1. Limited time only! Sign up for a free 30min personal tutor trial with Chegg Tutors
    Dismiss Notice
Dismiss Notice
Join Physics Forums Today!
The friendliest, high quality science and math community on the planet! Everyone who loves science is here!

Homework Help: Null geodesics of a Kerr black hole

  1. Aug 22, 2012 #1
    1. The problem statement, all variables and given/known data

    From the Kerr metric, in geometrized units,

    [tex]\left(1 - \frac{2M}{r}\right) \left(\frac{dt}{d\lambda}\right)^2
    + \frac{4Ma}{r} \frac{dt}{d\lambda}\frac{d\phi}{d\lambda}
    - \frac{r^2}{\Delta} \left(\frac{dr}{d\lambda}\right)^2
    - R_a^2 \left(\frac{d\phi}{d\lambda}\right)^2 = 0[/tex]

    where [itex]R_a^2 = r^2 + a^2 + \frac{2Ma^2}{r}[/itex] is the reduced circumference, [itex]a \equiv \frac{J}{M}[/itex] is the spin parameter and [itex]\lambda[/itex] is some affine parameter. I need to calculate the equations of motion.

    2. Relevant equations
    I want to solve the Lagrange equations

    [tex]-\frac{d}{d\sigma}\left(\frac{\partial L}{\partial\left(dx^\alpha/d\sigma\right)}\right)
    + \frac{\partial L}{\partial x^\alpha} = 0[/tex]

    for the Lagrangian

    [tex]\mathcal{L}\left(\frac{dx^{ \alpha}}{d\sigma},x^{\alpha}\right)
    = \left(-g_{\alpha\beta}\frac{dx^{\alpha}}{d\sigma}\frac{dx^{\beta}}{d\sigma}\right)^{1/2}[/tex]

    3. The attempt at a solution
    The problem is, that the metric is null so the Lagrangian is as well (?). Is it possible to calculate the equations of motion using this approach, or am I "forced" to do it the hard way, using

    = -\Gamma_{\beta\gamma}^{\alpha}\frac{dx^{\beta}}{d \lambda}\frac{dx^{\gamma}}{d\lambda}[/tex]

    finding the Christoffel symbols, and so forth?
  2. jcsd
  3. Aug 22, 2012 #2
    Yes - you can use the Lagrangian approach.

    Use the version of the Lagrangian without the square root - you already have it in your first equation.

    Unless you really like differentiating square roots :smile:
  4. Aug 23, 2012 #3
    Hmm, thanks. :)
    I'm not entirely convinced though. But that's probably more due to my inability to state what it is I want with it. Here's everything (well, most of it):

    I'm doing a little project right now, where I'm trying to plot the timelike and lightlike orbits of some test particle. I've done the timelike part by using the Lagrangian

    [tex]\mathcal{L}(r,\dot{r},\phi,\dot{\phi}) = \frac{d\tau}{dt} = \left[\left(1 - \frac{2M}{r}\right)
    + \frac{4Ma}{r} \dot{\phi}
    - \frac{r^2}{\Delta} \dot{r}^2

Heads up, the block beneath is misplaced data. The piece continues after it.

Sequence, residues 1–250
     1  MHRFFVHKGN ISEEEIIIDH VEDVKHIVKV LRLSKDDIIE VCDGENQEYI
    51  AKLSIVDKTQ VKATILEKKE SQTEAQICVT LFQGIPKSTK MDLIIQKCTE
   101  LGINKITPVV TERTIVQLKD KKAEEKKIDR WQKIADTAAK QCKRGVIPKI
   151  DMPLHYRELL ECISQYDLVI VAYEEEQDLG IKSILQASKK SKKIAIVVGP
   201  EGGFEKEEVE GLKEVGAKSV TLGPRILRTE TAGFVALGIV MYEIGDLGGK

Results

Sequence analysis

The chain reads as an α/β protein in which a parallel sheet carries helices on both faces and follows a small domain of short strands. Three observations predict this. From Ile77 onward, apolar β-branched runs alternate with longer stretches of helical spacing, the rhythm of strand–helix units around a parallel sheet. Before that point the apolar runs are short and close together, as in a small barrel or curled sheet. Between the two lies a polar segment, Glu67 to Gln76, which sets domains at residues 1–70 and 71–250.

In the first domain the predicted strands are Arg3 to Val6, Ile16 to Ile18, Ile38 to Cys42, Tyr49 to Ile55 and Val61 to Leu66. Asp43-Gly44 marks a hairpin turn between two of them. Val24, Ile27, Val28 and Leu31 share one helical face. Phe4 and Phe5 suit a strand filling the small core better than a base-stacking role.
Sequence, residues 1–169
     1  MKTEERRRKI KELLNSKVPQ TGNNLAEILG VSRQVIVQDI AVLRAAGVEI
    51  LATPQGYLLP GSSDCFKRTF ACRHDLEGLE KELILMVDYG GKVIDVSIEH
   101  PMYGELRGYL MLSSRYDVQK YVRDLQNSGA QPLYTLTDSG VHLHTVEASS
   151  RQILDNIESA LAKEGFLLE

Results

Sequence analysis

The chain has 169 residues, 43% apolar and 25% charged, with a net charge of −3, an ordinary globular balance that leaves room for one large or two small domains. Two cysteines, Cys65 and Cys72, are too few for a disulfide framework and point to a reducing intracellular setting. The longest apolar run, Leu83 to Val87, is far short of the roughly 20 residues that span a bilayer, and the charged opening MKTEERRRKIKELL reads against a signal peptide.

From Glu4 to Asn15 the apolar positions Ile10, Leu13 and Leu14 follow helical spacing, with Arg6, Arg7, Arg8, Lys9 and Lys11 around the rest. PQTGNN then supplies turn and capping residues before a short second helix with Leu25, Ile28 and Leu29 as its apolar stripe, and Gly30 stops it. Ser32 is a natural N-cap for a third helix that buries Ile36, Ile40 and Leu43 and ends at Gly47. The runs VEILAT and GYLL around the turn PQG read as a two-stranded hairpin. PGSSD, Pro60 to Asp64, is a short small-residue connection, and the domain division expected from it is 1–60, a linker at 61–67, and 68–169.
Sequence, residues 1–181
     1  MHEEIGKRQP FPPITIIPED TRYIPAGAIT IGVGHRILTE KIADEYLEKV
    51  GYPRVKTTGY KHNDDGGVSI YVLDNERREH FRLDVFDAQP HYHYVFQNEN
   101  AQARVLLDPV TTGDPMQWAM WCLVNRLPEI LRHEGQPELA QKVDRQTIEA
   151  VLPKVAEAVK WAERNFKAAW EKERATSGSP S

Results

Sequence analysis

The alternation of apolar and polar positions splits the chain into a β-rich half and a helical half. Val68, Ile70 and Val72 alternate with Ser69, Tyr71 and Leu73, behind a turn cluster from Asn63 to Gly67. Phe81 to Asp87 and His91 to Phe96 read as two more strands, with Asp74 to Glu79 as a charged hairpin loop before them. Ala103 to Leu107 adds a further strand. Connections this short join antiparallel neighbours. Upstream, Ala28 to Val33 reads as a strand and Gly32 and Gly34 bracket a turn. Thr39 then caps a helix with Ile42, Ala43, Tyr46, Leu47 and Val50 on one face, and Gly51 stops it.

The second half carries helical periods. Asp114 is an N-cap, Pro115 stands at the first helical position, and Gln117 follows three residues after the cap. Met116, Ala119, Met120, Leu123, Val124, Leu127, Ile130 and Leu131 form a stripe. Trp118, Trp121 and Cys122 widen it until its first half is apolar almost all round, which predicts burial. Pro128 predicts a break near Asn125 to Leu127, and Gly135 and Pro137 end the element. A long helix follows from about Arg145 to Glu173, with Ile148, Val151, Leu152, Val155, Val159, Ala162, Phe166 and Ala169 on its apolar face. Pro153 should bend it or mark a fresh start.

- R_a^2 \dot{\phi}^2\right]^{1/2}[/tex]

    Solving Lagrange's equations for this gives the equations of motion (as functions of the observer time [itex]t[/itex])

    [tex]\begin{align*}\ddot{r} &= -\frac{1}{r^4\Delta}\left[r^2\dot{r}^2\left(a^2(r - 2M) - 3Mr^2 + 2Ma\left(a^2 +
    3r^2\right)\dot{\phi}\right)\right. \nonumber\\
    &\qquad\qquad \left. + \Delta^2\left(M - 2Ma\dot{\phi} + \left(Ma^2 - r^3\right)\dot{\phi}^2\right)\right],
    \ddot{\phi} &= -\frac{2\dot{r}}{r^2\Delta}\left[\left(Ma + a^2(r - 2M)\right)\dot{\phi}
    + Ma\left(a^2 + 3r^2\right)\dot{\phi}^2\right].\end{align*}[/tex]

    Those can easily be transformed into first order differential equations by setting [itex]v = \dot{r}[/itex] and [itex]\omega = \dot{\phi}[/itex] and using

    [tex]\frac{dt}{d\tau} = \frac{1}{\Delta} \left[R_a^2e - \frac{2Ma}{r}\ell\right],[/tex]
    [tex]\frac{d\phi}{d\tau} = \frac{1}{\Delta} \left[\frac{2Ma}{r}e + \left(1 - \frac{2M}{r}\right)\ell\right][/tex]
    [tex]\mathcal{E} \equiv \frac{e^2 - 1}{2} = \frac{1}{2}\left(\frac{dr}{d\tau}\right)^2 + V_\text{eff}(r,e,\ell),[/tex]
    [tex]V_\text{eff}(r,e,\ell) = -\frac{M}{r} + \frac{\ell^2 - a^2(e^2 - 1)}{2r^2} - \frac{M(\ell - ae)^2}{r^3}[/tex]

    to calculate the initial conditions of the first order equations (i.e. [itex]v_0 = \frac{dr/d\tau}{dt/d\tau} = \frac{dr}{dt}[/itex] and so on), and then using MATLAB to compute the orbits. I want to do the same with photon orbits. That is, compute Lagrange's equations for a Lagrangian for the lightlike orbits, as functions of time.

    Another thing, I've seen many removing the square root in the Lagrangian. Why is that allowed? Not that it matter to my calculations, as those are done with Mathematica anyways -- I'm just wondering.
  5. Aug 23, 2012 #4
    I think the easy answer is to vary the action, turn the crank as usual, and discover that the Lagrangian without the square root does indeed yield the geodesic equation as its equations of motion.

    If I remember correctly, you can also use some integral inequality (Cauchy maybe?) to show that if the action integral with the square root is extremized, then so too is the action integral without the square root. Perhaps someone wiser than me can clarify...
Share this great discussion with others via Reddit, Google+, Twitter, or Facebook